Husain’s Raj: Visions of Empire and Nation

Sumathi Ramaswamy
Marg Foundation of Mumbai
2016

This monograph forefronts the ludic quality in the work of Maqbool Fida Husain, postcolonial India's most iconic modernist and also arguably its most playful. His Images of the Raj or the Raj Series comprise paintings densely packed with bodies and objects, English and native, men and women (and some animals too), who are brought together in visual action in a manner that is enormously revealing of the contradictions of British rule in India, even as they expose the ironies of postcolonial India's tryst with its destiny.

Husain painted this series at a critical juncture in India s post-colonial history in the mid-1980s, when the Nehruvian socialist state was beginning to unravel and one of his own key patrons, Indira Gandhi, violently assassinated. Many of the promises of secularism, proudly declared at the time of Independence, were under threat.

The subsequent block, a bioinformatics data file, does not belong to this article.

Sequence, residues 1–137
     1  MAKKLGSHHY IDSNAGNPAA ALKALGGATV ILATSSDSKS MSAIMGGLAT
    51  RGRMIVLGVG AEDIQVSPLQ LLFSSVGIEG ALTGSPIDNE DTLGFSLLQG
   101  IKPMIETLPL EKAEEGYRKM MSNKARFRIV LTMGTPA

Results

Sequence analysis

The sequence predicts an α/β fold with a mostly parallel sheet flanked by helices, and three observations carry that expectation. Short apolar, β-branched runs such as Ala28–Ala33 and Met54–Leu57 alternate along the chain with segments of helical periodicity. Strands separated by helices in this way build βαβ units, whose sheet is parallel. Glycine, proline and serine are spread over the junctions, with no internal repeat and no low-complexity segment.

It was against this background that Husain turned for inspiration to his childhood and youth, which he had spent in various princely states, such as Indore and Baroda, in the waning days of British colonial rule that were also witness to the rising tide of Indian nationalism.

Husain’s Raj: Visions of Empire and Nation